Jonathan Anderson and Varghese George take opposite approaches to workplace use of instant messaging, an electronic method for exchanging quick text messages between colleagues.
Both bought special tools to reduce the risks their companies face from the software, such as preventing hackers from riding the channel to sneak inside corporate computer networks, or stopping employees from using the systems to send confidential reports to people outside.
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George, chief executive of Westex Group of Rockville, said he bought technology to block all instant messaging by his company's 20 employees. "I saw instant messaging as a killer of time," he said, adding that some folks at his equipment and material supply firm were using their computers for idle chit-chat.
But Anderson, who manages security for TEC International of San Diego, gave his company's 110 workers a souped-up messaging program from Microsoft Corp. so they could chat more securely. He said he uses monitoring tools mainly to control who can transfer files via the messaging systems.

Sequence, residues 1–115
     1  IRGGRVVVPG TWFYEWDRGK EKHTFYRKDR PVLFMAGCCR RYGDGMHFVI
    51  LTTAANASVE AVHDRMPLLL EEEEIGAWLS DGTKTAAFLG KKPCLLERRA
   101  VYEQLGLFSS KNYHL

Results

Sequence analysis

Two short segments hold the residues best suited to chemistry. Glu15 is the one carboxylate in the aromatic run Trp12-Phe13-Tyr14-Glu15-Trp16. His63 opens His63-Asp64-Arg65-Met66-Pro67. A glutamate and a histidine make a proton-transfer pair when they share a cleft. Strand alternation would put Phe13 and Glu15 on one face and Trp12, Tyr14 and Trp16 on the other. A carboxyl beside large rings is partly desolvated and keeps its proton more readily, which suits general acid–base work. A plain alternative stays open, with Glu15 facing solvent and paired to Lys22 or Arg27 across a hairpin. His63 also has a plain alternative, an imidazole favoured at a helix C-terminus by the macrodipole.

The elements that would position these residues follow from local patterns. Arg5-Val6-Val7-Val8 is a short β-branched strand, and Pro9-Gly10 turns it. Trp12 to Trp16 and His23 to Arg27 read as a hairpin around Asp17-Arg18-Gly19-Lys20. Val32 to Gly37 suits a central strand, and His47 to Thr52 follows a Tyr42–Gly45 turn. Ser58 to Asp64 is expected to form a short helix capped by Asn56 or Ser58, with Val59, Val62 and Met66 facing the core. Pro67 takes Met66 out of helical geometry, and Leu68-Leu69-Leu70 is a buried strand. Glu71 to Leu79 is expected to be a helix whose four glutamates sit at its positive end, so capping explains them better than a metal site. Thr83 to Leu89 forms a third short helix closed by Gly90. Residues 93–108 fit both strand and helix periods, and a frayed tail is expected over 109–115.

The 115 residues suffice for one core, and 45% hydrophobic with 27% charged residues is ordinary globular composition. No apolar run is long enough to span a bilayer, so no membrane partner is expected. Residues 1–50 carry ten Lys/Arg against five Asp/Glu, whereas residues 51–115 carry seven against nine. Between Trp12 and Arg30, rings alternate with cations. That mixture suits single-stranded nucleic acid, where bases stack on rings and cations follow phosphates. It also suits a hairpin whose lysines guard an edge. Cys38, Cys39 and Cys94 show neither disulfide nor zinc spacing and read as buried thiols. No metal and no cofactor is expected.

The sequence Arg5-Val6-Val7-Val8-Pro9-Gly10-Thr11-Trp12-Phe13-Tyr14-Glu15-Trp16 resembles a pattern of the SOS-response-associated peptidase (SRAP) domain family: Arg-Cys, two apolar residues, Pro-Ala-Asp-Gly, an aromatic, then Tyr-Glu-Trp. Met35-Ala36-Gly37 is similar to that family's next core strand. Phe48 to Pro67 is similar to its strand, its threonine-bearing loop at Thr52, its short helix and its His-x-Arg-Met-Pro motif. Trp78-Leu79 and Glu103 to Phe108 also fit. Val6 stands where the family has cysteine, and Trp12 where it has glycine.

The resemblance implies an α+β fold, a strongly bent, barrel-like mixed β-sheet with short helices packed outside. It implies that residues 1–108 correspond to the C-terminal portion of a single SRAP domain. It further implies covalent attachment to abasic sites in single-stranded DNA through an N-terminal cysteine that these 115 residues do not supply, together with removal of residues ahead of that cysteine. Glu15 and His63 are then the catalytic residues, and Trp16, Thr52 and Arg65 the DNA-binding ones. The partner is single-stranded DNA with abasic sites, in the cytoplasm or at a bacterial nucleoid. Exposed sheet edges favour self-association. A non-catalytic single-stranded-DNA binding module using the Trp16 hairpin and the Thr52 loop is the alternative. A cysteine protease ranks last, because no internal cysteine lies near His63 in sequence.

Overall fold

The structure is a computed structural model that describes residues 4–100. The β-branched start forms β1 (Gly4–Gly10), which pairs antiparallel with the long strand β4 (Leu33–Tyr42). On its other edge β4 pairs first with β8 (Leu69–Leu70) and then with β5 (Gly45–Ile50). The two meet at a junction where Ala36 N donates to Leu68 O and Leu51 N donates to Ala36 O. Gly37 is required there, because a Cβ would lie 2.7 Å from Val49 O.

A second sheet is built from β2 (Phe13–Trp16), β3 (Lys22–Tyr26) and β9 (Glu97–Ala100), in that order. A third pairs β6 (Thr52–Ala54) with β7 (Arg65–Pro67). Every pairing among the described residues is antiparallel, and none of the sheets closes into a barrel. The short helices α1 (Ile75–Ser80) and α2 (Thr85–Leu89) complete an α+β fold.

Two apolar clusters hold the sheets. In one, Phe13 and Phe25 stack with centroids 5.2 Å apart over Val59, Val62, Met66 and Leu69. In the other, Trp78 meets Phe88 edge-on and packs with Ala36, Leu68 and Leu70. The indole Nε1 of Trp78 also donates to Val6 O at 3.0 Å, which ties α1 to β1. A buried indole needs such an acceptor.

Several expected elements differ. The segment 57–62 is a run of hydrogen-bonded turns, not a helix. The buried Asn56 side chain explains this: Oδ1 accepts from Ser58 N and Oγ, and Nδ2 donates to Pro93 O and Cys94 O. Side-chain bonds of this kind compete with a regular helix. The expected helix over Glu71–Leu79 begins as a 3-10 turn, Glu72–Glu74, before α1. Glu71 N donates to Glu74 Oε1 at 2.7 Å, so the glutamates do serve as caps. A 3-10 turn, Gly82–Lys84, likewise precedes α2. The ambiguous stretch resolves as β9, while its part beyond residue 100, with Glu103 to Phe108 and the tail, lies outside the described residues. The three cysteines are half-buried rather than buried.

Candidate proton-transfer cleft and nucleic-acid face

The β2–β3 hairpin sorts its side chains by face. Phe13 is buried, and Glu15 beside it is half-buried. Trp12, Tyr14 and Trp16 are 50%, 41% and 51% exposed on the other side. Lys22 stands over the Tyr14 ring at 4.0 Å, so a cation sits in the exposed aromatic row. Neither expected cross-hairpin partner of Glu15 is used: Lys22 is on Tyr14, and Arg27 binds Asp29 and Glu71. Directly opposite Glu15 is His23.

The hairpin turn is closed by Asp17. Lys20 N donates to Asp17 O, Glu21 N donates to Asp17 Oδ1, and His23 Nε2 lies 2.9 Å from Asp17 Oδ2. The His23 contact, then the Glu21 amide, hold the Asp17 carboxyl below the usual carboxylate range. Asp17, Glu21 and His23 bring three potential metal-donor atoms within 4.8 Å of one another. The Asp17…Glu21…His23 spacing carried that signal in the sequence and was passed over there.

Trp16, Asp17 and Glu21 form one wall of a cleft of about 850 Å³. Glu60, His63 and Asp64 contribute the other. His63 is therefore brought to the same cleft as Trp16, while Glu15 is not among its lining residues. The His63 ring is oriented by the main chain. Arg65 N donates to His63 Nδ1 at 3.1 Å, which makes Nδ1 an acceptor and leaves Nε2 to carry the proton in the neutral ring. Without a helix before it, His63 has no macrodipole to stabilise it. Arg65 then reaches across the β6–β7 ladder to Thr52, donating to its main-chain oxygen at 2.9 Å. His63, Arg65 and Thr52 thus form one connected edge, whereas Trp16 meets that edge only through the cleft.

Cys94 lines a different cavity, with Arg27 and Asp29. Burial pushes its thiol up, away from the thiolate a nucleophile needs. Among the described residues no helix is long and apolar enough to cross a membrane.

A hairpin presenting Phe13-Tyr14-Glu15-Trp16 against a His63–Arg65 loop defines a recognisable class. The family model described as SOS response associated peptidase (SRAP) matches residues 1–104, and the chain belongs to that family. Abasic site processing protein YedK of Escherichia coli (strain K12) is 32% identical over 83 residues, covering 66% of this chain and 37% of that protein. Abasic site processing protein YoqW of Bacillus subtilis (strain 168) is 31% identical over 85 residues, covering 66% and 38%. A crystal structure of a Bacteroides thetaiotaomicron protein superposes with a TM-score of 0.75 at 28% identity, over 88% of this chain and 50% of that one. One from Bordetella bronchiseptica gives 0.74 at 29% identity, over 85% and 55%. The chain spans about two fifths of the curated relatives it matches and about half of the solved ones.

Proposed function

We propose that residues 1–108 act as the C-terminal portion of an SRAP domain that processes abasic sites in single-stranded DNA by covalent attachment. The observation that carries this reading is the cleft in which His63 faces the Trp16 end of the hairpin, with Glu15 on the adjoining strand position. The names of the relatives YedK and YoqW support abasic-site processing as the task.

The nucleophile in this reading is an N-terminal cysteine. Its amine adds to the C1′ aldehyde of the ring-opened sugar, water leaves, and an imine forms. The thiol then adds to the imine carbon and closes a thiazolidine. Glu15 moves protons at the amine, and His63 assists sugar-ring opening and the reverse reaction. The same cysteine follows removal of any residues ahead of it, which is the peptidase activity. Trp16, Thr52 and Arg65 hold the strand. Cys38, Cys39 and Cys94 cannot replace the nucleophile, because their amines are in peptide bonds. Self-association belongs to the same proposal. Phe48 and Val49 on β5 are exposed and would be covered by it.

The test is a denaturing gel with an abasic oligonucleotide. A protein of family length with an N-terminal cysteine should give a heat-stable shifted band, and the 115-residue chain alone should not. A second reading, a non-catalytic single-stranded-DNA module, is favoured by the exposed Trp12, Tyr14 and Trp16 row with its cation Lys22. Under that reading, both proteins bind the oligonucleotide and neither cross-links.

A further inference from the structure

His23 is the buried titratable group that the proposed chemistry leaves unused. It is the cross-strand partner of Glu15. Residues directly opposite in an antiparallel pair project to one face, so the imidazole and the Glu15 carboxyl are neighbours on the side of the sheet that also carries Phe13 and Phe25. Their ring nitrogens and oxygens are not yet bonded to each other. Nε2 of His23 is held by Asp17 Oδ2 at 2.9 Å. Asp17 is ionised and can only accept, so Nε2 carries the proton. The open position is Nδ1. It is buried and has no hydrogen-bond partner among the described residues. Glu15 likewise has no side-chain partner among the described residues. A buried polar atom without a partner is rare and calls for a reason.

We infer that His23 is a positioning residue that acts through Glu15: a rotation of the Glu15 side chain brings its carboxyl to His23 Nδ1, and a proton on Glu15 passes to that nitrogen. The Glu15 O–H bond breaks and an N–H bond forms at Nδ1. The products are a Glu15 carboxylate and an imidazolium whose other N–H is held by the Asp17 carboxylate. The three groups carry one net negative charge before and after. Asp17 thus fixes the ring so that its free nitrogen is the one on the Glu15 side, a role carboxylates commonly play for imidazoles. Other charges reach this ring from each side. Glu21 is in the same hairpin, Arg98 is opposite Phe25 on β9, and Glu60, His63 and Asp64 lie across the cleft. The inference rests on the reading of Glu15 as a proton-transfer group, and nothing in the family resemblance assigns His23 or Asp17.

"We've been pushing instant messaging because it allows instant communication between people who are not necessarily available by other means," said Anderson, whose firm helps chief executives do professional networking.
Anderson and George illustrate the debate percolating in workplaces about how to confront the growing popularity of instant messaging (IM), which typically sneaks into offices under the radar of corporate technology departments and only gradually wins official blessing. While some managers think messaging makes workers more productive, others worry that any business benefit may be more than offset by the introduction of nasty computer worms and viruses and other problems.
As a result, a new crop of software tools has arrived to help businesses get a grip on instant messaging. Some simply let companies block message traffic or specify which IM programs their employees can use.
Others store a copy of every sent message and let the company decide which of the higher-ups can read them.
"People are still figuring out what their corporate policy will be on IM," said Eric Rohy, product manager for Websense Inc. of San Diego, which sells tools for monitoring instant messaging and Web surfing. "I would say it is fairly evenly divided among those who block it and those who don't."
Jon Sakoda, co-founder of IMLogic, a software maker started in 2001 to address the IM challenge, agreed. "Last year, instant messaging was the sleeping giant, and companies were literally asleep at the wheel," he said. "This year, people are awakening to the problem, but haven't necessarily come up with solutions."